For example, let’s go back to Felix Hernandez.  What if we stopped looking at his ERA and started looking at his FIP (Fielding Independent of Pitching). What this stat looks at is a pitcher’s strikeouts, walks, hit by pitches and home-runs.  It compares those four stats with the league-average of defense behind the pitcher.  So that strips out luck and sequencing.

To see Hernandez’s dominance consider the following from Fan Graphs:

Year       ERA       FIB

2009   2.49      3.09

2010   2.27      3.04

2011   3.47       3.13

2012   3.06       2.84

2013   3.04       2.61

Despite an ERA that fluctuates from 2.5 to 3.5 – depending on the year, Hernandez has gotten better every year as a pitcher.   How do we know?  His FIB. This is a very valuable stat – to him and to Mariners.

A stat like FIB is why I pay attention to baseball.  Whether I watch the games or not.

Geno v. Cal? Geno’s offensive philosophy wins

There’s a critical difference between the two dominant NCAA basketball teams:

  • Kentucky ( in the men’s tournament) and
  • Connecticut (in the women’s).

UConn doesn’t slow down offensively.  As evidenced by last night’s unrelenting pressure against Maryland, the Huskies play great defense (like UK) but they never ‘hold the ball’ on the offensive end.  As Nate Silver shows at 538, Kentucky did slow things down and it killed them (literally). Here’s a picture of it:  Continue reading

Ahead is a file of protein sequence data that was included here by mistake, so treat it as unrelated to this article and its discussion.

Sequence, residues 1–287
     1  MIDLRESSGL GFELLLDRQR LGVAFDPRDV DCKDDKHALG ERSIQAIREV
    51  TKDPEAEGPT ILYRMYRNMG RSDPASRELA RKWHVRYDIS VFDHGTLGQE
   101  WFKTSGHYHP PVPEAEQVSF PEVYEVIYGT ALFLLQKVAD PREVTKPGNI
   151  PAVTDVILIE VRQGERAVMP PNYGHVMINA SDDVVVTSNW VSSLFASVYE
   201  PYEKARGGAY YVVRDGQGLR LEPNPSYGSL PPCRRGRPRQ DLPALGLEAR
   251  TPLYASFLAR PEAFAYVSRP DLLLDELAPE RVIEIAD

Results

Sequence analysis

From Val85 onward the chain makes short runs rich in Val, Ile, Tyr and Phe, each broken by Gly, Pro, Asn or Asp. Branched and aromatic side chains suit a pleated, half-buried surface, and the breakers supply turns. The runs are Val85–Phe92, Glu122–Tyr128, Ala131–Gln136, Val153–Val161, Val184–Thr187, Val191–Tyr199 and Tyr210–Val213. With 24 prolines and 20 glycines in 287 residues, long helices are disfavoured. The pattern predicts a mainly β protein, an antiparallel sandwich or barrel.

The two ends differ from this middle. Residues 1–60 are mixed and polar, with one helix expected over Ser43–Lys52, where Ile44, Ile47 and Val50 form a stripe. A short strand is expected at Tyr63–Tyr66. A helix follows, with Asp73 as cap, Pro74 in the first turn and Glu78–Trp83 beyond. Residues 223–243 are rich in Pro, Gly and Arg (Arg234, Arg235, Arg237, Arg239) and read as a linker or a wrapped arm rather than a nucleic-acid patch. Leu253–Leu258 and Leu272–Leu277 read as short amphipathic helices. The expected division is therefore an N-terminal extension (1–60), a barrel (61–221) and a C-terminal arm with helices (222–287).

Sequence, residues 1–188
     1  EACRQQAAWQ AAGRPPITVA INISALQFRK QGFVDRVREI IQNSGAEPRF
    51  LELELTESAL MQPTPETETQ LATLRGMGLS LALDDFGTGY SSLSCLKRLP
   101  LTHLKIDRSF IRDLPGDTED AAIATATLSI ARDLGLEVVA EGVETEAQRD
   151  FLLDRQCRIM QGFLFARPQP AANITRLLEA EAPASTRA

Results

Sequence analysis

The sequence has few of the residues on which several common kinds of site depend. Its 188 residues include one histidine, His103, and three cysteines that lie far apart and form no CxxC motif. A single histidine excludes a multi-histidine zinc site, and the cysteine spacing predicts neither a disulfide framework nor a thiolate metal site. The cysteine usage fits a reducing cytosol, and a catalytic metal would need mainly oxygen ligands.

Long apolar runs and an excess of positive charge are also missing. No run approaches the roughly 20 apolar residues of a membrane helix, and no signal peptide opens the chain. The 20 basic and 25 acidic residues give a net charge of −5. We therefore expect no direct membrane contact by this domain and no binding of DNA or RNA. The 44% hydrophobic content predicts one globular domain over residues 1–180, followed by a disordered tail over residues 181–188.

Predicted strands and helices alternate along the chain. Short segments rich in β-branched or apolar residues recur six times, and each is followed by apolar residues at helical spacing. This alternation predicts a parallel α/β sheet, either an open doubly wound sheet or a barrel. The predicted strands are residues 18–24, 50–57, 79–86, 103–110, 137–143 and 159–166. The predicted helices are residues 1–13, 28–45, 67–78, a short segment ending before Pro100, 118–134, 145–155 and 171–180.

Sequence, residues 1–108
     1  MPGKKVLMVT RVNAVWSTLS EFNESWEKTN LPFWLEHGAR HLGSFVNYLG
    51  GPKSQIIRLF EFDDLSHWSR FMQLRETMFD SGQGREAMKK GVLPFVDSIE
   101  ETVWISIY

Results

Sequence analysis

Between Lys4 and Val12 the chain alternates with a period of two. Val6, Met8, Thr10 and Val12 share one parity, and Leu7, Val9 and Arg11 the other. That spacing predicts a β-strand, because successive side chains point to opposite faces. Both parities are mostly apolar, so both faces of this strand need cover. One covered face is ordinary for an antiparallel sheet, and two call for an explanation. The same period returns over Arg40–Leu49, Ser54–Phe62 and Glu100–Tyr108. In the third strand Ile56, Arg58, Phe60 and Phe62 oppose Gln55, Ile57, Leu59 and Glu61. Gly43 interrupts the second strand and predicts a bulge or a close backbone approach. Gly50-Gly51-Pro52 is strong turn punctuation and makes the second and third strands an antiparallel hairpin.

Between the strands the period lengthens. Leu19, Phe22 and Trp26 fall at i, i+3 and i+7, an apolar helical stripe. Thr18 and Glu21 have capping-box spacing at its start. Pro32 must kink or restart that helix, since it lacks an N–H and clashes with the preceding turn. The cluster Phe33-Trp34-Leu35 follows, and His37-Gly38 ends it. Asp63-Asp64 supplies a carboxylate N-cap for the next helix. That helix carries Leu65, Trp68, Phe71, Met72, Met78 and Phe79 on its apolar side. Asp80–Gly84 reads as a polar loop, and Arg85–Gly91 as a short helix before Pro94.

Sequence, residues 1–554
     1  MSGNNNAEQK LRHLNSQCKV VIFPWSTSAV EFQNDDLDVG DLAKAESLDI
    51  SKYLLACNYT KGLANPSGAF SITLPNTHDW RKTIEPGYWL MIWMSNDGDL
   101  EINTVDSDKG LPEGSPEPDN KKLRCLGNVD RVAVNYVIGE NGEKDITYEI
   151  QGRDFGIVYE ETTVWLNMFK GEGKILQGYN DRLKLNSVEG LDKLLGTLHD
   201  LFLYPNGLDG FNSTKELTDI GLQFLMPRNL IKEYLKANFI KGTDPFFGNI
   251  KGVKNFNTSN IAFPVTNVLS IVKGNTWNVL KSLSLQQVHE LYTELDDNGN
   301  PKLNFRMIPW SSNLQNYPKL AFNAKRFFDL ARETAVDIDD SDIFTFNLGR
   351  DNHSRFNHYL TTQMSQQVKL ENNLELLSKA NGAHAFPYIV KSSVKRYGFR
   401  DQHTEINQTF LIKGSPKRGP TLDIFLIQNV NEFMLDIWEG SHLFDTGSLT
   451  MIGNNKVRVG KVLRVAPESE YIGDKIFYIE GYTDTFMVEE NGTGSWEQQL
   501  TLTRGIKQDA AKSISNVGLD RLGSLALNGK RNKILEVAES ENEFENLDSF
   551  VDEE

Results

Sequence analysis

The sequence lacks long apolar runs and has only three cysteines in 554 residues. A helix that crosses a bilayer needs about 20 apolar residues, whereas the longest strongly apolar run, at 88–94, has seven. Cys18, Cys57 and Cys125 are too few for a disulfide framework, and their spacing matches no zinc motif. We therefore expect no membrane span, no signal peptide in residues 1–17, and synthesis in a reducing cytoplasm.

“Our church won’t collapse” – until it does

3461384691_b66ec3d0b0_oBeing 45 is interesting.  I’m old enough to appreciate order (‘this is the way we do it around here’) and yet I still sympathize with the younger crowd (demanding an answer to the question ‘Why do we do that, that way?”)

The problem is both groups are right in what they assert.  The Boomers have spent 30 – 40 years learning the ropes of church. Moving to top of the food chain, they’ve waited their turn and now they control the budget or the music or the __________.

The youngers – those revolutionaries – want (even need) things to change.  When they don’t, they vote with their feet.  They’ve decided to play somewhere else with their time and with their attention.

So, it’s really about the status-quo.  Who wants to keep the future looking just like the present?  Turns out, the Boomers do.  In my church they have exactly the kind of church they want.

Every nation gets the government it deserves.     Joseph de Maistre

So does every church.  What my church Boomers want is

  1. to keep the church exactly as it is
  2. have younger people (especially families) show up and
  3. play along with them.